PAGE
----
Sunday Musings: Should You Deploy New Money Now?

One of the most frequently asked questions recently has been whether it’s too late to deploy new money now given the run-up we’ve had over the past 6 months.

Here’s what reader SS had to say:

Your Domestic TTI now is +9.36 and Int’l TTI now is +11.96. You’ve talked a lot about the exit and entering strategies.

However, since both the domestic and international TTI is extended too high, is it still good to commit the fresh cash into the both of the markets at this juncture or is it too late?

Reader Don had similar concerns:

Is this a good time to put new money in the market as long as I use a stop loss or is the market too risky at this level to put in money now?

Thanks for your guidance.

Of course, if I had the exact answer, I would be competing with Gates and Buffett for the top spot on Forbe’s list of richest men.

Since I don’t, and no one can predict whether next week will be the start of a market downturn or not, I have to use a different approach.

New money flows into my advisory business almost on a weekly basis. To determine whether it should be deployed or not, I review with a client his risk tolerance along with the possibility of using my incremental buying procedure and sell stop strategy.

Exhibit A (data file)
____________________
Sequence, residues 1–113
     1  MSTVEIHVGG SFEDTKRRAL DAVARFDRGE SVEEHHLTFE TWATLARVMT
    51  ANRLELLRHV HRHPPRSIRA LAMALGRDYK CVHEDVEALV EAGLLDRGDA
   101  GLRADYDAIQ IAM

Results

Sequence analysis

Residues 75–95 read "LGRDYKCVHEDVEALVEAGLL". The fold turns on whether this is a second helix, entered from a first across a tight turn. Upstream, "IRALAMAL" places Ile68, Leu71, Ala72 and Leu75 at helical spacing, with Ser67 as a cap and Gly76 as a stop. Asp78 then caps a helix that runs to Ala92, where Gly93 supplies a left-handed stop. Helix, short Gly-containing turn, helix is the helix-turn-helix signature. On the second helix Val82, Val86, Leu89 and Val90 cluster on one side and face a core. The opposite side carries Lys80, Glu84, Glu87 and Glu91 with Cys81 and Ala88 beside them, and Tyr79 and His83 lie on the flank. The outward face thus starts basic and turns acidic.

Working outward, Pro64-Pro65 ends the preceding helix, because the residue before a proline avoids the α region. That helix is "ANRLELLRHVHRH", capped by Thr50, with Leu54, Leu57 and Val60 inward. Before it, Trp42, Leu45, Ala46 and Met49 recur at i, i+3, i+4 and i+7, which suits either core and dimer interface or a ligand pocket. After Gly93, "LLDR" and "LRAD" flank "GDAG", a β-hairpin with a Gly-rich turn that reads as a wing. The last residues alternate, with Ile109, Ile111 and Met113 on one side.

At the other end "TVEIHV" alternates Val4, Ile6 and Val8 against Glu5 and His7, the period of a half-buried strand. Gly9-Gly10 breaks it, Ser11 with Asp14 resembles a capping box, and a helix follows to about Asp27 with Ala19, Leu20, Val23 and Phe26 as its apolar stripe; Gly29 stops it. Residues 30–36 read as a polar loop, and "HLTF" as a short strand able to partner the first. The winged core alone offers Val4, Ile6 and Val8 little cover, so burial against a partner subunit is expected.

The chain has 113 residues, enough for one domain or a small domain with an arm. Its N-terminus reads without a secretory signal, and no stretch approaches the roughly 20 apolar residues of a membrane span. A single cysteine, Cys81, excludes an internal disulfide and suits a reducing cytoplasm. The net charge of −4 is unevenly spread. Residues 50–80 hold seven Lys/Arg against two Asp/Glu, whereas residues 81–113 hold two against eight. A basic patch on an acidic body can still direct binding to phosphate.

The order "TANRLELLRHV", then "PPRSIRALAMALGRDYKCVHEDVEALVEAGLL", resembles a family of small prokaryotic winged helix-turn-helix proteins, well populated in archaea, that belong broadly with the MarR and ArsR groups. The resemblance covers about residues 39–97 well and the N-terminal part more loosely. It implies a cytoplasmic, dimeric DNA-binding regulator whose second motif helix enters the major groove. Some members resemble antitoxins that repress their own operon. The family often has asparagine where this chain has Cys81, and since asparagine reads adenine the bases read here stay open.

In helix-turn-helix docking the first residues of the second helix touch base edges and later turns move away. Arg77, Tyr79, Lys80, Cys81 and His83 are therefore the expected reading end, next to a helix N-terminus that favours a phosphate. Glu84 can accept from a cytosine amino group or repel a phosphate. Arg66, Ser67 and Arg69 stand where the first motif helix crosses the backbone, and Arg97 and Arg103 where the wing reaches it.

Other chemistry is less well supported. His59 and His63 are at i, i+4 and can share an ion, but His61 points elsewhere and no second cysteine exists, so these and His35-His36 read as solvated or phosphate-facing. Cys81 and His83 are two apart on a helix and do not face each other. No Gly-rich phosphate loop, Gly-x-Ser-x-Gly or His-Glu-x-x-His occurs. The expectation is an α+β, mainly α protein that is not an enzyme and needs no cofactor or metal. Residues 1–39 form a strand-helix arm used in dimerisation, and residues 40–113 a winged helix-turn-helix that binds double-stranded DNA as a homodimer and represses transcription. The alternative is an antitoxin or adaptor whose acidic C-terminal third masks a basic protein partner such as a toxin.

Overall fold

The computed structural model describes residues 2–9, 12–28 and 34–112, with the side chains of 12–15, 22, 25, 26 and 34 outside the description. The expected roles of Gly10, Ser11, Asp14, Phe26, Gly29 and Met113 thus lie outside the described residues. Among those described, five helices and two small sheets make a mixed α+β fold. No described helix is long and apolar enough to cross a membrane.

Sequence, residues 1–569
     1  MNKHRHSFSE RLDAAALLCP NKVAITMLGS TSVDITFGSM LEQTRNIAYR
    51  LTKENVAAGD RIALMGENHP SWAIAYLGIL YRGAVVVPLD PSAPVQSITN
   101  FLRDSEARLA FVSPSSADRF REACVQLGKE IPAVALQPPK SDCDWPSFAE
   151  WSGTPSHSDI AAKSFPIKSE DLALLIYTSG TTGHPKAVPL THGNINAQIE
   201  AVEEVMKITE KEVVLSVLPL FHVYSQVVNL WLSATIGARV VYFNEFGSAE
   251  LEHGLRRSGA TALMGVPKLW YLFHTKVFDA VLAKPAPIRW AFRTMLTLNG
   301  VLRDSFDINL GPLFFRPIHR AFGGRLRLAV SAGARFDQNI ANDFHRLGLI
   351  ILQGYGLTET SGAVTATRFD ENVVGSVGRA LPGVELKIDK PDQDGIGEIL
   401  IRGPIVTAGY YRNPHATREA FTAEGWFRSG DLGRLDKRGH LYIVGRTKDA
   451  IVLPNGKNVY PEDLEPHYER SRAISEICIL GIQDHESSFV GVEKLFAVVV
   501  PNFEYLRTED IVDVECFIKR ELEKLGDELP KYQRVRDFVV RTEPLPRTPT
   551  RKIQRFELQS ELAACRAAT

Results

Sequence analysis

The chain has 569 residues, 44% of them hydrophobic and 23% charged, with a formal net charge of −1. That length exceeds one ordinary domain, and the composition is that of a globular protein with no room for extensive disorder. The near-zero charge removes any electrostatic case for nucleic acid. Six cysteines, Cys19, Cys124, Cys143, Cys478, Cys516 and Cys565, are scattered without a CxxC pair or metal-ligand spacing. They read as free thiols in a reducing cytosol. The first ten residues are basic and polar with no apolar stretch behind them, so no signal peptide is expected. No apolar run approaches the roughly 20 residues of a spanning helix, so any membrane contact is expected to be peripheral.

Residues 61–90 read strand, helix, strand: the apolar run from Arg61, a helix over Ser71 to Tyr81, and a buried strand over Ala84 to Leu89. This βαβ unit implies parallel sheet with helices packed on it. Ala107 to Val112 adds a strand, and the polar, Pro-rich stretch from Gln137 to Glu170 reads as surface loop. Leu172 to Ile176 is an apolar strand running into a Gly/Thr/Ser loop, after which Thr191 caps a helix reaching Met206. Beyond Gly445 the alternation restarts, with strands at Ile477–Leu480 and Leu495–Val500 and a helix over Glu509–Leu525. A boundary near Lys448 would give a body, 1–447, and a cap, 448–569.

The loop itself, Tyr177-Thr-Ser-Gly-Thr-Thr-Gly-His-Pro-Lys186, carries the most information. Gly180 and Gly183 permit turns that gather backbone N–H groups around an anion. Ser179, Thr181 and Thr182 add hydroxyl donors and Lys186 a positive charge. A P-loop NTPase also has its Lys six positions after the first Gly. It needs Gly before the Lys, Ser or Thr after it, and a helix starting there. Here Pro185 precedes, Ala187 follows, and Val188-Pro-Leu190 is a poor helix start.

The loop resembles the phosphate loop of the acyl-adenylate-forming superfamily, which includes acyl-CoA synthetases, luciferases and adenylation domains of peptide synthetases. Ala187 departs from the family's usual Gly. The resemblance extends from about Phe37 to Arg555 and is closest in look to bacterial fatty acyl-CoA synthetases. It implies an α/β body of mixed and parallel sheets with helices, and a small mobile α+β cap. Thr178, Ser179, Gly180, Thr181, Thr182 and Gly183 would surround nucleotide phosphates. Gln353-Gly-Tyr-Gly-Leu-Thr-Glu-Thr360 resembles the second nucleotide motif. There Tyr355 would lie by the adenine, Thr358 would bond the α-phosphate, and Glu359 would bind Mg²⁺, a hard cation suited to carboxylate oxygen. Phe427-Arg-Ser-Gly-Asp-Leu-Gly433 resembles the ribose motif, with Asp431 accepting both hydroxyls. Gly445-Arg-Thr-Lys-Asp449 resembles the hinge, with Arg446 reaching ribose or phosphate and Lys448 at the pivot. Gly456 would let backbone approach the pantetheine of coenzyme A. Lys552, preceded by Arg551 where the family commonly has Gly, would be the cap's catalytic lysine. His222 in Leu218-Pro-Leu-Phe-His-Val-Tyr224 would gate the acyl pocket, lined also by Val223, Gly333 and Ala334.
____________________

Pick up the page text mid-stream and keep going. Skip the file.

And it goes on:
For example, let’s assume that a client is just about fully invested but has another $100k he is considering deploying in the market for long-term growth.

My main question to him would be if, after the investment has been made, the market drops and we get stopped out with a 7% loss, will that be acceptable?

If he’s aggressive, he’ll say “yes,” and we proceed accordingly.

If he’s conservative, he’ll say “no,” and I suggest using the incremental buying procedure. In that case, I would initially deploy only 1/3 of his $100k, or $33k. If the market corrects thereafter, and he gets stopped out with a 7% loss, that only represents a 2.3% loss of his total intended investment of $100k.

If that’s acceptable to him, we’ll proceed accordingly.

If it’s not, he should not invest any other funds in the market at this time.

This is a simple, quick and easy process you can use to identify what type of investor you are and whether adding more money to the market goes along with your emotional make up.

Better yet, if you at all have a pit in your stomach trying to make that decision, simply don’t and stay on the sidelines. Your comfort level is what matters most, which is contrary to what many commissioned brokers want you to do.

About Ulli Niemann

Ulli Niemann is the publisher of "The ETF Bully" and is a Registered Investment Advisor. Learn more
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